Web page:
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Casarena is forging a different path from the other wineries in Mendoza. Instead of searching for undiscovered terroirs in new places like the Uco Valley, it is discovering the hidden gems in its home region of Lujan de Cuyo—a place full of rich tradition, potential, and unique micro-terroirs. Casarena has purchased as well as planted vineyards in several distinctive sites, and they control all aspects of winegrowing and winemaking in order to maximize the flavor expression of these terroirs.
The name “Casarena” is a creative merging of the Spanish words “casa” (house) and “arena” (sand), and is a tribute to their restored 1930s winery made of sand-colored stone and the sandy soil that their estate is built on. All theses features gather together unbeatable height, climate and soil conditions to cultivate premium vineyards. The Wine Making team is headed by Michel Rolland.
By far the largest and best-known winemaking province in Argentina, Mendoza is responsible for over 70% of the country’s enological output. Set in the eastern foothills of the Andes Mountains, the climate is dry and continental, presenting relatively few challenges for viticulturists during the growing season. Mendoza, divided into several distinctive sub-regions, including Luján de Cuyo and the Uco Valley, is the source of some of the country’s finest wines.
For many wine lovers, Mendoza is practically synonymous with Malbec. Originally a Bordelaise variety brought to Argentina by the French in the mid-1800s, here it found success and renown that it never knew in its homeland where a finicky climate gives mixed results. Cabernet Sauvignon, Syrah, Merlot and Pinot Noir are all widely planted here as well (and sometimes even blended with each other or Malbec). Mendoza's main white varieties include Chardonnay, Torrontés, Sauvignon Blanc and Sémillon.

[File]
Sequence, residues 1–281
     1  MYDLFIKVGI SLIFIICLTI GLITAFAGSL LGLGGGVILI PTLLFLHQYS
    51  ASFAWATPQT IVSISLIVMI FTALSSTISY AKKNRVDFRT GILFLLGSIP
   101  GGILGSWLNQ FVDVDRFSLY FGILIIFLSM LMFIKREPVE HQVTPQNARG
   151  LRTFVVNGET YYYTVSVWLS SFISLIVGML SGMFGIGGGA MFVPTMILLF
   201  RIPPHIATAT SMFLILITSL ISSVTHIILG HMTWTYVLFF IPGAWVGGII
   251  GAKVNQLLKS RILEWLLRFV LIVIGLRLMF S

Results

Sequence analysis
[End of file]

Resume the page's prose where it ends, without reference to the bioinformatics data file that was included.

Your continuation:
Celebrated for its bold flavors and supple texture, Malbec has enjoyed runaway success in Argentina since the late 20th century. The grape originated in Bordeaux, France, where it historically contributed color and tannin to blends. A French agronomist, who saw great potential for the variety in Mendoza’s hot, high-altitude landscape, brought Malbec to Argentina in 1868. Somm Secret—If you’re trying to please a crowd, Malbec is generally a safe bet with its combination of dense fruit and soft tannins.